The first Tatamagouche oyster I ever had was lousy. It had a big barnyard flavor, and I regretted having choked it down. After that I steered clear of Tatamagouches for a while. But then I was with some friends, and they were eating Tatamagouches and didn’t look miserable, so I tried one. It was fantastic—plump, juicy, salty, and sweet with nutty petrol notes.
While it is possible to generalize about the taste of an oyster from a particular body of water—eat enough Hama Hamas, for example, and you will start to recognize certain shell patterns and flavor notes—any single oyster can deviate significantly from the norm. It may be noticeably different from its neighbor only a foot away, due to either genetic or environmental differences. It is an individual creature, and there is always some excitement and mystery as you unveil it in all its half-shell glory.
This is different from wine, where the grapes are all harvested in the fall, and the entire year’s harvest gets mixed together. There can be considerable variation from year to year, but within a vintage each bottle holds the same mix. But every oyster is its own entity, and oysters are harvested to order. They will vary in flavor and appearance through the course of a year, depending on water temperature, algae availability, spawning, and other factors.
Enjoying a wine at its peak is like robbing a slow-moving train: You know when it will arrive, because of previous trains that were on the same schedule, so it is just a matter of being in the right place at the right time. You won’t always time it right, but your odds are pretty good. Catching an oyster at its peak is more like trying to shoot a bat: There are short-term cycles and longer arcs, and it requires some skill and faith and luck. But when you hit it, you are giddy with excitement.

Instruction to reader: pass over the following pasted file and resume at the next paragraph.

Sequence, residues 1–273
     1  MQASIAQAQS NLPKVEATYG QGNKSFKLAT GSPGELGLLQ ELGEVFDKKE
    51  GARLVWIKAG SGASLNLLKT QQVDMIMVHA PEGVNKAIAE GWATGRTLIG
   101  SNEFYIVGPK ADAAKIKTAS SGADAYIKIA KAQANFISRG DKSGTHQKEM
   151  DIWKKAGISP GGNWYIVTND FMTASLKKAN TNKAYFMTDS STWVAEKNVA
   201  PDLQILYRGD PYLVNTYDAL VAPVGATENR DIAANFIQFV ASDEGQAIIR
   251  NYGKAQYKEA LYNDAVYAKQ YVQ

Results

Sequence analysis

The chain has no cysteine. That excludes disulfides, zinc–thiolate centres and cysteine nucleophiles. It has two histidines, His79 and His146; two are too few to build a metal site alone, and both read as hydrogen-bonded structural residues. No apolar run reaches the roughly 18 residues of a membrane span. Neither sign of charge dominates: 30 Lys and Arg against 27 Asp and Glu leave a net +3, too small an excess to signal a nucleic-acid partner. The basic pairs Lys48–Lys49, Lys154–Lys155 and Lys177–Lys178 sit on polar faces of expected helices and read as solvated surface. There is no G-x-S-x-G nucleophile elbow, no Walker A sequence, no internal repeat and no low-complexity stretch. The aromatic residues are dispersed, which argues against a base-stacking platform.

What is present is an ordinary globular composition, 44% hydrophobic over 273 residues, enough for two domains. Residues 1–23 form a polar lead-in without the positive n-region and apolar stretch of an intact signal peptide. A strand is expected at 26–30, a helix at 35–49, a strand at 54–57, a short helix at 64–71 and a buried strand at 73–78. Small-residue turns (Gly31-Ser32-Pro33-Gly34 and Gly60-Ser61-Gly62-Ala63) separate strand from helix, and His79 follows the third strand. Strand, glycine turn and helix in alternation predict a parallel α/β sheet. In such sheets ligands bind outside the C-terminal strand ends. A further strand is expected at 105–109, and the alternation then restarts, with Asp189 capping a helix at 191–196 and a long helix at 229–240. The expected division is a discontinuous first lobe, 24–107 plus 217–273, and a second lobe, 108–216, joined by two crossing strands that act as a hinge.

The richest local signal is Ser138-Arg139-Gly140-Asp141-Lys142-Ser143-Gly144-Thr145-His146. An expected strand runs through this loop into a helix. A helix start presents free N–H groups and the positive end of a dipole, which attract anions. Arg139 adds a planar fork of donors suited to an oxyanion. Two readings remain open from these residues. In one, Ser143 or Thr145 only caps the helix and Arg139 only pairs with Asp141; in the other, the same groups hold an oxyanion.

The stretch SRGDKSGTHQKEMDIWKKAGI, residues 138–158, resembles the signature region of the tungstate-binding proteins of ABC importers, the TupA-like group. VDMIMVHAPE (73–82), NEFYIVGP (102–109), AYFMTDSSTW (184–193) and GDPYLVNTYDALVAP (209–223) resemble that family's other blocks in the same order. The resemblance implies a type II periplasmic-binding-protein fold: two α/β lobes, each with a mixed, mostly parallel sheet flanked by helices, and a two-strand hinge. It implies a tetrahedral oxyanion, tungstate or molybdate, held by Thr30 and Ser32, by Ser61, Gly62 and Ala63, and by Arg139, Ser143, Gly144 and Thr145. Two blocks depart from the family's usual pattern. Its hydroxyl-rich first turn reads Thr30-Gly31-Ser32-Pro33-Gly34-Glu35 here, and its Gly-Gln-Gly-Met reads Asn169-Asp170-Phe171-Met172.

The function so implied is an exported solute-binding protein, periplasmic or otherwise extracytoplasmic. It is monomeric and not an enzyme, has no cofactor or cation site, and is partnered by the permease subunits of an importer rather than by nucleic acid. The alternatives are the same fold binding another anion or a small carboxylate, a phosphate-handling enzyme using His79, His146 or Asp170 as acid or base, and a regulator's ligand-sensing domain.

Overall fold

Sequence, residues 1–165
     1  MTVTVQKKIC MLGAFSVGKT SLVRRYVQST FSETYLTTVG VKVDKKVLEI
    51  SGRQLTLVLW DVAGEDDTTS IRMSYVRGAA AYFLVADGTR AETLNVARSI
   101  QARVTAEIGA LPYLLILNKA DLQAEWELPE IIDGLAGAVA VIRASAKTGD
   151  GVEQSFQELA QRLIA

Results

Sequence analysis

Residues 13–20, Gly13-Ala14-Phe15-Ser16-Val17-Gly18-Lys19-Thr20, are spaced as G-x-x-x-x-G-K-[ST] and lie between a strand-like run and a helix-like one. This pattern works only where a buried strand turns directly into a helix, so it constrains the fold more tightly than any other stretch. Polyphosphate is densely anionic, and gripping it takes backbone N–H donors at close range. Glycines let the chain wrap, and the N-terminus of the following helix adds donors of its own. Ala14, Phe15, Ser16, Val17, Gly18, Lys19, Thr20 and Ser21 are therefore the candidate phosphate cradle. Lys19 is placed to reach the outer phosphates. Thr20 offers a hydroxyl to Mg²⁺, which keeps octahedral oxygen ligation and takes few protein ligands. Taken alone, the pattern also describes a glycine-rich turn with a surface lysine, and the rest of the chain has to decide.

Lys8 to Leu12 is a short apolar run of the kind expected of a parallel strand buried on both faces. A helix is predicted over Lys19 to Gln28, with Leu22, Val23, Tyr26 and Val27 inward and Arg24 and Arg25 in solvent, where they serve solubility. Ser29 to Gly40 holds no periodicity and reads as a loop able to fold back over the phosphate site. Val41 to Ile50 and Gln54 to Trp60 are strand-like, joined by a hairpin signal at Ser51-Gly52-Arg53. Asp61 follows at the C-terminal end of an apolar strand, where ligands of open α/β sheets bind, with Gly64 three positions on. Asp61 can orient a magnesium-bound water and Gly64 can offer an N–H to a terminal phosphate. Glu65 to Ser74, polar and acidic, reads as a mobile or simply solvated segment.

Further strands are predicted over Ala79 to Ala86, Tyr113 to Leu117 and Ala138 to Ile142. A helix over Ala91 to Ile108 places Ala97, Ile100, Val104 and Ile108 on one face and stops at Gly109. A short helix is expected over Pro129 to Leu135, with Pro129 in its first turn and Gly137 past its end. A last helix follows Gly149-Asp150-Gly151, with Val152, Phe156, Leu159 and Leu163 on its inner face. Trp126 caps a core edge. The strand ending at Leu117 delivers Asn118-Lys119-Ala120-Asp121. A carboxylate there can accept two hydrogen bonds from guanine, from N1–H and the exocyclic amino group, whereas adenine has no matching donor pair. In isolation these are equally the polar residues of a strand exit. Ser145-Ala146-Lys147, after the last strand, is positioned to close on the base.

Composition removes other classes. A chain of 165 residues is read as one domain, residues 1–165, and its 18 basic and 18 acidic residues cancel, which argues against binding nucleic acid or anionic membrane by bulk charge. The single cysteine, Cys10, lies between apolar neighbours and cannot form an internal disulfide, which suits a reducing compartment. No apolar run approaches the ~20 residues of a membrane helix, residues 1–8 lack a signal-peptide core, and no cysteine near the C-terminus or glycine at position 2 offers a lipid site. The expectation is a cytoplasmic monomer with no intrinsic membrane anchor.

The biggest factor is season. The same oyster will taste different throughout the year. Those Hama Hamas, for instance, will taste sweet and salty in fall, buttery and fresh in spring, when months of rain have swelled the Hamma Hamma River, and thin and salty in summer, after they have spawned. (Some growers, in an effort to achieve product consistency, will “follow the salinity”: upriver during droughts, down toward the sea when rivers are full. This only works if your oysters are in portable cages.) Chances are, the main difference in my two Tatamagouches was season.
Many oysters are referred to as sweet. No, oysters are never going to make it onto the dessert course. Sometimes sweet in regard to oysters is a euphemism for “not salty.” It sounds better than calling an oyster “bland.” But some oysters have a discernible sweetness, and most people, but not all, agree that a sweeter oyster is a better oyster. And sweetness is driven by season.